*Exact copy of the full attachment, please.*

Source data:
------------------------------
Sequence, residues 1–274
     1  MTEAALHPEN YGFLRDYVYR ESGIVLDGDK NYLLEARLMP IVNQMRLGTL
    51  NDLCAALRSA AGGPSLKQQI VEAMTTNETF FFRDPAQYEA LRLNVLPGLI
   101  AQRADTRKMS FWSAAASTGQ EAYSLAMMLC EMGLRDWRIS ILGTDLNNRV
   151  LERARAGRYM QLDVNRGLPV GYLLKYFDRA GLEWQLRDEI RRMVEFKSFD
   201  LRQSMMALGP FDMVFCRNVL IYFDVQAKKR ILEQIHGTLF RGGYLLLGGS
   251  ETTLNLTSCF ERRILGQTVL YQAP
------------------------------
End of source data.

Sequence, residues 1–274
     1  MTEAALHPEN YGFLRDYVYR ESGIVLDGDK NYLLEARLMP IVNQMRLGTL
    51  NDLCAALRSA AGGPSLKQQI VEAMTTNETF FFRDPAQYEA LRLNVLPGLI
   101  AQRADTRKMS FWSAAASTGQ EAYSLAMMLC EMGLRDWRIS ILGTDLNNRV
   151  LERARAGRYM QLDVNRGLPV GYLLKYFDRA GLEWQLRDEI RRMVEFKSFD
   201  LRQSMMALGP FDMVFCRNVL IYFDVQAKKR ILEQIHGTLF RGGYLLLGGS
   251  ETTLNLTSCF ERRILGQTVL YQAP